Which aims to harness the support of governments worldwide in implementing locally-binding legislation on the fair treatment of seafarers following a maritime casualty.
Representatives from more than 50 countries attended a workshop on the subject organized by SRI in conjunction with the International Transport Workers’ Federation (ITF) and addressed by key speakers including Kitack Lim, Secretary General of the IMO.
Attendees discussed the key issue of guidelines on fair treatment of seafarers in the event of a maritime accident and explore ways these guidelines could be implemented into national legislation.
Deirdre Fitzpatrick, Executive Director of Seafarers’ Rights International, who opened the workshop, said the level of international support at the event across many stakeholder groups was important because it “mixed the practical effects of the guidelines with the legal aspects associated with their implementation.”
“We had a panel of three judges from the International Court of Justice, the Tribunal of the Law of the Sea and from the Supreme Court of the Philippines. We also had an emeritus professor of maritime law, a prosecutor, a Lead Auditor from the IMO as well as a casualty investigator from the UK’s Marine Accident Investigation Branch who discussed no-blame casualty investigations,” Fitzpatrick added.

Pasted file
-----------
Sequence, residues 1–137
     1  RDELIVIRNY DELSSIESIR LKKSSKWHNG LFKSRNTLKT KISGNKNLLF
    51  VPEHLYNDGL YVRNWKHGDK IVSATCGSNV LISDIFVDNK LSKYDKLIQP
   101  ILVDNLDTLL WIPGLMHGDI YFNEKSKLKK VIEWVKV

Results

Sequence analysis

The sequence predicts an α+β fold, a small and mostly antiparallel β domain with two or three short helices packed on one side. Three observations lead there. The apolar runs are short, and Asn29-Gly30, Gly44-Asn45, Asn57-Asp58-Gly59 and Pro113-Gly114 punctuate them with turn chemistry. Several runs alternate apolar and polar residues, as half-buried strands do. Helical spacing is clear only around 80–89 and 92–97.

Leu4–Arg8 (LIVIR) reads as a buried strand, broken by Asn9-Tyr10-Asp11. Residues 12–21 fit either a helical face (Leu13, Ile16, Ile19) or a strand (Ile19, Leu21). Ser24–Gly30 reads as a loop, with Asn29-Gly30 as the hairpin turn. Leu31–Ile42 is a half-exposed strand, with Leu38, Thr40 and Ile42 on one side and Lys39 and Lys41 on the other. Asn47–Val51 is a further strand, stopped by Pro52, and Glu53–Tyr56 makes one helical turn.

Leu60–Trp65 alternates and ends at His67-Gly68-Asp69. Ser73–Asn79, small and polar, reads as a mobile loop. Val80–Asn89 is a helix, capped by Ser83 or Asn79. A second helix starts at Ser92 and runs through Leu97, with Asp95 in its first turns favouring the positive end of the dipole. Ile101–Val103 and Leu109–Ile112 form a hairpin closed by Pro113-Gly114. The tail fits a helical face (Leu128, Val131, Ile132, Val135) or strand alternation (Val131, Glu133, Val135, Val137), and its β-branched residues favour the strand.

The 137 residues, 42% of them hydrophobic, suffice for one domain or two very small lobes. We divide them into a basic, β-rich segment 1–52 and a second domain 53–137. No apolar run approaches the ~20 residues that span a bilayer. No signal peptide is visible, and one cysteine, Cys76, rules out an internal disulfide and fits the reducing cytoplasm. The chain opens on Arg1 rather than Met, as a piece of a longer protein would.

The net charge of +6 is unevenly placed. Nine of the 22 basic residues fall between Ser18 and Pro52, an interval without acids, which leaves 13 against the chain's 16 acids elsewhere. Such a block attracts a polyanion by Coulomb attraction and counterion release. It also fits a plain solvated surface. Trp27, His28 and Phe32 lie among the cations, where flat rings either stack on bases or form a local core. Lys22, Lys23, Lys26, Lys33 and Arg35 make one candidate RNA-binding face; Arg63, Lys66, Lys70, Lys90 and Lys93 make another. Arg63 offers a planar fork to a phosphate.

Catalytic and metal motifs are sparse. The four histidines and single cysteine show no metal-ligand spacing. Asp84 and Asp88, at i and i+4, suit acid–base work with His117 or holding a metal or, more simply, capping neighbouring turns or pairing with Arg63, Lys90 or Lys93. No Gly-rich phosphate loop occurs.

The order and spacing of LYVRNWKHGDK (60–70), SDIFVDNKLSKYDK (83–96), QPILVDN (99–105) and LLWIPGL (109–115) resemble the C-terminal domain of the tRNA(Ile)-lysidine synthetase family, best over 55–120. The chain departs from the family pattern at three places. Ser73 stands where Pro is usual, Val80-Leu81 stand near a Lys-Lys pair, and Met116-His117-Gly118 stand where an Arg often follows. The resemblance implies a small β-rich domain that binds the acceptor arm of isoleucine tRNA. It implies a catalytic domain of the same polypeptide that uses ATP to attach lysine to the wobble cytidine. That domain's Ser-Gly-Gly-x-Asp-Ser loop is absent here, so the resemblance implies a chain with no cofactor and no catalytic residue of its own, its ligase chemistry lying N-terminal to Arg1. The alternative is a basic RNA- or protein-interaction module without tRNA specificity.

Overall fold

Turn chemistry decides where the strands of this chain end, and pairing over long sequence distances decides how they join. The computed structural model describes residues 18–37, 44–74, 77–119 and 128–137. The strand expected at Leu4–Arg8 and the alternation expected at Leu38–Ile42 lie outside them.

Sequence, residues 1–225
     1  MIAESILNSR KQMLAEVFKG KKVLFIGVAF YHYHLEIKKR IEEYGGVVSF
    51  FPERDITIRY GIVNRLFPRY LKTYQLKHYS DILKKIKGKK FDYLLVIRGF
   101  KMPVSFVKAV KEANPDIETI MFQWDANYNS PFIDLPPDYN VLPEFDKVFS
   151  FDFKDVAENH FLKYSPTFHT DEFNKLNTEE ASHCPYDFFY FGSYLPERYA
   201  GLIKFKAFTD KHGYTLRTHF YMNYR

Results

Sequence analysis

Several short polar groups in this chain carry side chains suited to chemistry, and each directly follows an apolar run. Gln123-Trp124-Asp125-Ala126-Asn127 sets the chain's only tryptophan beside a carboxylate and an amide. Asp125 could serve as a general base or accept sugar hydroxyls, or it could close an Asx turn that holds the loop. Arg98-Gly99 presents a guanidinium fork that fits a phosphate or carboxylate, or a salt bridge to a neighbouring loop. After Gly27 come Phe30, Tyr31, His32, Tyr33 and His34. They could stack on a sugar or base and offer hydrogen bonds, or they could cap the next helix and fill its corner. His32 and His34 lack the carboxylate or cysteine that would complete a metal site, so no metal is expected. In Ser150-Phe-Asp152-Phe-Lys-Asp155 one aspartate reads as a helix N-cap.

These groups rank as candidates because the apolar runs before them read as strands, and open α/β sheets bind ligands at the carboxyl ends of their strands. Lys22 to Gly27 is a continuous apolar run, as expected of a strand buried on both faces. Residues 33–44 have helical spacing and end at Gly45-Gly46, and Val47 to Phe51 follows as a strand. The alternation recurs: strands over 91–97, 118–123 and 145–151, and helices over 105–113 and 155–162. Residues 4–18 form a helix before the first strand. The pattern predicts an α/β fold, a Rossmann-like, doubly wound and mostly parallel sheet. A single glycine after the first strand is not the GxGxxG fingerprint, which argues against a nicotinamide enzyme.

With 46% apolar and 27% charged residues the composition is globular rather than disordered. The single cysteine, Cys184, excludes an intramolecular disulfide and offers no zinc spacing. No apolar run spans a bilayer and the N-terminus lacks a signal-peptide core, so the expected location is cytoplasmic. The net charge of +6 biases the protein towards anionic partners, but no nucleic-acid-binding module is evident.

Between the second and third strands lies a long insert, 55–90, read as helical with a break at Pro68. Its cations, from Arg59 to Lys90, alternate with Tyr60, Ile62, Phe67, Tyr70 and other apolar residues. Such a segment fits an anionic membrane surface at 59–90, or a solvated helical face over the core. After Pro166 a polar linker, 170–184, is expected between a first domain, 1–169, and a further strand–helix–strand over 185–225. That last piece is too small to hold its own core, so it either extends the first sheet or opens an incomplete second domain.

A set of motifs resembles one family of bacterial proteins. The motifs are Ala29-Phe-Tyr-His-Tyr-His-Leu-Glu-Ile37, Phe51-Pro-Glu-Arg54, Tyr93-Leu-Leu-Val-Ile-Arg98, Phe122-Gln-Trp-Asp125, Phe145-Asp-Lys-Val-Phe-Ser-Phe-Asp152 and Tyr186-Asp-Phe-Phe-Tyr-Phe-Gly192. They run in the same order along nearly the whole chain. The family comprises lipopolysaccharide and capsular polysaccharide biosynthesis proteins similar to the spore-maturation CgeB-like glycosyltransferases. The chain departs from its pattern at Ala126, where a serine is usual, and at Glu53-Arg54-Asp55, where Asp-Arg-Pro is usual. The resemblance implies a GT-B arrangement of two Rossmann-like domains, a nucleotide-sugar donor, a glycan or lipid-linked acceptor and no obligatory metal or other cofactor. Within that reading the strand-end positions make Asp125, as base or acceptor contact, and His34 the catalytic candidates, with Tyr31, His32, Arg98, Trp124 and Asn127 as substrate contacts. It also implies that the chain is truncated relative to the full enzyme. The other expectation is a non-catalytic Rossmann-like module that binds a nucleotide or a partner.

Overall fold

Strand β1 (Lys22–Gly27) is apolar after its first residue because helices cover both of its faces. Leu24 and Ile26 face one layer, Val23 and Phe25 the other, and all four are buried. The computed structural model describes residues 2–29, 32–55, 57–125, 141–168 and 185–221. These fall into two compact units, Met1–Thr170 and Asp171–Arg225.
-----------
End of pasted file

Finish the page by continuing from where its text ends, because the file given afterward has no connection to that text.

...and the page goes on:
Fitzpatrick further said that it is not often that the international law community is given the opportunity to discuss a crucial issue concerning seafarers’ rights in “such an informal but thought-provoking way.”
Whilst some governments have already given effect to the guidelines, it is important that other governments consider them and look at ways they can be introduced into their national legislation, Fitzpatrick stressed.
“We want to raise awareness of the Fair Treatment of Seafarers at international, regional and local levels, and advise on how best countries can implement the guidelines and have the right laws in place in the event of a maritime casualty investigation occurring in their jurisdiction. The next step will be to run regional workshops outside the UK, and we have already had offers from participants to host similar workshops in their own countries,” according to Fitzpatrick.